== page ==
One last thing: I built a new playlist of “beachy” songs the night before we left. While I was downloading a few new songs, I stumbled across Macy Gray’s new album titled “Sellout.” One of the tracts is titled “Beauty in the World.” Ironically, it is very befitting this post and it was kind of the theme song for the weekend. Enjoy.

Photo 1 was taken by a photographer. The roomy’s work can be seen at:

Photos 2 and 3 were taken (rather poorly) by me.

Photo 4 is of Mobile Bay, Mobile Alabama and can be found at

Photo 5 is of Peavine Falls at Oak Mountain State Park near Pelham, Alabama. The picture can be found at

Photo 6 is of Knoxville, Tennessee and can be found at

Photo 7 is of the Grand Canyon and can be found at

Photo 8 is of the Himalayan Mountains as seen from Nepal. It came from:

Photo 9 is of Ireland near County Kerry. The image came from

Photo 10 is of Mount Kenya in the distance from

Photo 11 is the view from atop Pine Mountain in the Roosevelt State Park near Pine Mountain, Georgia.

Saturday, June 19, 2010

A little miracle in the middle of the Mundane

Over the past week, it seems as though everything has gone wrong, maybe not completely wrong but at least a little wrong. A lot of the frustration has been with the toddler who has been acting like…well, she has been acting like a toddler. Last night, my parents came and took the toddler to spend the night with them. Insert sigh of relief; I was going to enjoy a few minutes of toddler-less life. Actually, instead of relaxing, I was hoping to get some class work done. I sat down at my computer but had the most difficult time concentrating because my child had left my house in such a wreck. I got up and started a little cleaning.

I straightened the house, scoured the bathrooms and the kitchen, swept and vacuumed. I was in the last room with the vacuum when I heard this loud crack and something went flying across the dining room. I had sucked up a gorilla paper clamp. Needless to say, the vacuum stopped dead in its tracks. I was so frustrated. I tinkered. I turned it back on. Nothing. I tinkered some more. I turned it back on. Nothing. On the third try, sitting in the middle of the dining room floor with my head in my hands, I prayed. I know it sounds silly to pray about a vacuum but I was that fed up. Low and behold! The third try, that bad boy started right up. It was sucking up stuff way better than it had before. I was able to finish the house cleaning and because my mind was free and clear I was able to get a good bit of homework finished. I even had a little time to watch television before going to bed. It turned out to be a relaxing evening after all.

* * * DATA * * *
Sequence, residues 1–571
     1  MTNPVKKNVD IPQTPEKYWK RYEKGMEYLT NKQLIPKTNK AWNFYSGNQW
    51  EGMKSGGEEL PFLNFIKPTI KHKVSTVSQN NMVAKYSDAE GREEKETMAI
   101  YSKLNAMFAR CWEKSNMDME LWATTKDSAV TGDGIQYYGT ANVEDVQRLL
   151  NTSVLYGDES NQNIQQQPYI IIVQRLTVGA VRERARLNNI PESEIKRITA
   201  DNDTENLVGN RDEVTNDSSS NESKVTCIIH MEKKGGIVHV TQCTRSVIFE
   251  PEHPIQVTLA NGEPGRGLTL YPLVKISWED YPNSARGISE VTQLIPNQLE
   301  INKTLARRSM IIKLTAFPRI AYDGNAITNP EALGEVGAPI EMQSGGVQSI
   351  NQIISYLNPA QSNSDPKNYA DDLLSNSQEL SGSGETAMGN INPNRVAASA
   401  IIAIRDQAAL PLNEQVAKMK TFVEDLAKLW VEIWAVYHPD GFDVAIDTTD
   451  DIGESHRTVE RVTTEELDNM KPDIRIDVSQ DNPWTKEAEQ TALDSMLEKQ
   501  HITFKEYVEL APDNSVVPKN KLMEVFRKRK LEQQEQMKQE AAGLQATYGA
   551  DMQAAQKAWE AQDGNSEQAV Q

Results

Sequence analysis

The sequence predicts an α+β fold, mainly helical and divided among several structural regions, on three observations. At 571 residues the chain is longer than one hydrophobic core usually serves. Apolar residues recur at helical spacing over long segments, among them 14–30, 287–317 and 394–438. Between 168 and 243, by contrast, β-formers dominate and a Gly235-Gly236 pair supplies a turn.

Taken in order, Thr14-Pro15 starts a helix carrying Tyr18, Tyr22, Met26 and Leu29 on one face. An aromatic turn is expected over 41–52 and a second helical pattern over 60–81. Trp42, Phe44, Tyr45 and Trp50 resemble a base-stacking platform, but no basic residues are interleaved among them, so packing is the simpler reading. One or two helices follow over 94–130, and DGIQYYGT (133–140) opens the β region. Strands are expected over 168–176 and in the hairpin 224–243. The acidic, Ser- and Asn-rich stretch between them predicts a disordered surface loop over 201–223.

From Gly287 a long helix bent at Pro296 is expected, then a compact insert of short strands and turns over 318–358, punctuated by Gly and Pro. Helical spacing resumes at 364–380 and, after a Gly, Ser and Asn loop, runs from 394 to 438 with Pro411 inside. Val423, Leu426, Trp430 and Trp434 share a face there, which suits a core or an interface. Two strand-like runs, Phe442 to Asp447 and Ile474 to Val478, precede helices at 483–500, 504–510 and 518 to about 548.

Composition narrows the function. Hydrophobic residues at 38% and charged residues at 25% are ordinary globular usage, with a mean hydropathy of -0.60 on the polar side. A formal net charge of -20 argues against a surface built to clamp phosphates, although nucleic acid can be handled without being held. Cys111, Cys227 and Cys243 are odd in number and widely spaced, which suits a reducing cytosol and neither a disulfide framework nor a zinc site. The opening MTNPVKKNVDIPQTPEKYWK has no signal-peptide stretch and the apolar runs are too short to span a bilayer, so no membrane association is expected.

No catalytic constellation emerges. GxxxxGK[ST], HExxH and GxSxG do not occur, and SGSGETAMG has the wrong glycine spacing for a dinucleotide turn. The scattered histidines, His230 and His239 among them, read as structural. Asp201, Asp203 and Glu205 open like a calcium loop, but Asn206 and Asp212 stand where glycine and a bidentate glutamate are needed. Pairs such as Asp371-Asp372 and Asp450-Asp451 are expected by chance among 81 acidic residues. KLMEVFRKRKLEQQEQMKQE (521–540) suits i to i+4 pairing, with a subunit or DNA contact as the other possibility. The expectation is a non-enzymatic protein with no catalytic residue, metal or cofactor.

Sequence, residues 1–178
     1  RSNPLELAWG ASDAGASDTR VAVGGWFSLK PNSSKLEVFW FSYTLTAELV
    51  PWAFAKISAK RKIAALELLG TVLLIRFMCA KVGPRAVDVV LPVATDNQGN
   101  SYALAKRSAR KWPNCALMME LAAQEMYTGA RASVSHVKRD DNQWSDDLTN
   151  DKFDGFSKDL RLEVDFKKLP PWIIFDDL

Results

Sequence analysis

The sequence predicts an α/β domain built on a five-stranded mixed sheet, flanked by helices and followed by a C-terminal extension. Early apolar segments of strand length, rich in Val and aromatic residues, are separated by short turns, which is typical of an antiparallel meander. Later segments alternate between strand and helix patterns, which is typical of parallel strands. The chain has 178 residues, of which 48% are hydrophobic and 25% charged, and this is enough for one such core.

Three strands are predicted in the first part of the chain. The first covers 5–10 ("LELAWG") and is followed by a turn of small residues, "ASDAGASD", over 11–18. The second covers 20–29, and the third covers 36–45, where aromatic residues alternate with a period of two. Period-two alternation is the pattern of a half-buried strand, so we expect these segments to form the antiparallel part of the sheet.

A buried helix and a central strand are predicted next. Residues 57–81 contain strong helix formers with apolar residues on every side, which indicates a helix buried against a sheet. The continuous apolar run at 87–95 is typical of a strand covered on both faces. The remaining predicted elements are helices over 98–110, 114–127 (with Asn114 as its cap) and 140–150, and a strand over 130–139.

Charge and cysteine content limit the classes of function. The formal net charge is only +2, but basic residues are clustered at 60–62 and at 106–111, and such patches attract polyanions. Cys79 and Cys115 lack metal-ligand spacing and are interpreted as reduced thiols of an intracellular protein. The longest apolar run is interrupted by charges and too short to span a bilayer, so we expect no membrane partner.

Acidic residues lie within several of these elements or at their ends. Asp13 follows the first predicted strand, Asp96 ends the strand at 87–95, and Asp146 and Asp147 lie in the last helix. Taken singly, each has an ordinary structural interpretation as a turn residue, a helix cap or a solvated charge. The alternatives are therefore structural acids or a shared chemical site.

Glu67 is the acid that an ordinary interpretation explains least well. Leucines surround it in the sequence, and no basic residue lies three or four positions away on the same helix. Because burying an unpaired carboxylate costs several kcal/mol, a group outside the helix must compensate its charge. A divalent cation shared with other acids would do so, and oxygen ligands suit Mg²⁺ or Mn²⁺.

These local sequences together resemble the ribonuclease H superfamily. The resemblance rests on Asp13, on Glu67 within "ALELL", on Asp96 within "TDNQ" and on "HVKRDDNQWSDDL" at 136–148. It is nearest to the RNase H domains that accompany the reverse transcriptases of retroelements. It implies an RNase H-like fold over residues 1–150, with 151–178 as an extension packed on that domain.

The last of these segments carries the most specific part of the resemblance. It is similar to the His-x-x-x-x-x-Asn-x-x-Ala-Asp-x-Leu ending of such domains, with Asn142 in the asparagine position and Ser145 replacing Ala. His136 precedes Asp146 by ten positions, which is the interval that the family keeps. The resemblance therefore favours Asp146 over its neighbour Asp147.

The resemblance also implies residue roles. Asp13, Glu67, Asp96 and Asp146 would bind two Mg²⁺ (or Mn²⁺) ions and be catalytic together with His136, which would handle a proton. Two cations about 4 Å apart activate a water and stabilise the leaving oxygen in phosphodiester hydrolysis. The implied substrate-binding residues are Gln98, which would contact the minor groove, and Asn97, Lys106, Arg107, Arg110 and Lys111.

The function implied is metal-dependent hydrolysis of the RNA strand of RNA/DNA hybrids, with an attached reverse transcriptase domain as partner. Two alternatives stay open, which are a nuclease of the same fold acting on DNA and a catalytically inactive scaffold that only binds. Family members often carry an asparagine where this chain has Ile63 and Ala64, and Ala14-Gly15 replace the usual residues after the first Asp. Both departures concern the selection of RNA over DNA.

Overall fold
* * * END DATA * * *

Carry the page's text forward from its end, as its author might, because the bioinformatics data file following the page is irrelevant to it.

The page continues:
I woke early this morning to cut the grass. I was hoping to be finished before it got too hot, which in central Georgia means before the sun comes up. I walked out the back door a little before 7:00am. I saw a yard strewn with toys, shoes, gloves, limbs. Ugh, this was going to take forever. By the time I finished picking up everything it was 7:30. I put in my iPod earbuds and was ready to kick it around the yard with my little red mower. I cranked it and made one ten foot pass and it died. It was out of gas. To be perfectly honest, I used profanity this time. I have to explain that my little mower is new to me and I had not yet purchased a can because I was using my dad’s. I didn’t want to wake him that early so I went to the gas station to buy a can and some gas. Do you know how much the gas station sells their cans for? It is highway robbery! So, I went to Dollar General and waited for them to open. Then I went back to the gas station. When I finally got back home and got the mower gassed up it was well after 8:00 and getting hot. I pulled the choke and got nothing. You have got to be kidding me! I try again… more profanity. Then, I turn to Him and simply say, “I have faith that you can and will make this mower run.” I even promised God that if He would start that mower, that I would post to the blog about it. Sure enough, He was faithful to start the mower, so I am faithfully posting about it.

You probably think this is silly to be telling you or God about my mundane madness. But it appears that God wants us to talk to Him about all this mundane-ness. He wants to be a continual part of our lives -- every hour, every minute, every second. 1 Thessalonians 5: 16-18 says “Be joyful always; pray continually; give thanks in all circumstances, for this is God's will for you in Christ Jesus.” The whole verse 17 is devoted to “pray[ing] continually.” Another verse, Philippians 4: 6-7 says "Do not be anxious about anything, but in everything, by prayer and petition, with thanksgiving, present your requests to God. And the peace of God, which transcends all understanding, will guard your hearts and your minds in Christ Jesus" I emphasize the part that says “in EVERYTHING, by prayer…present your requests to God.”

I am not saying that God will always fix the vacuum or lawn mower, but I am saying that He wants to hear about it. And, sometimes in the middle of that mundane madness a listening ear is all you need to turn the madness into a little miracle.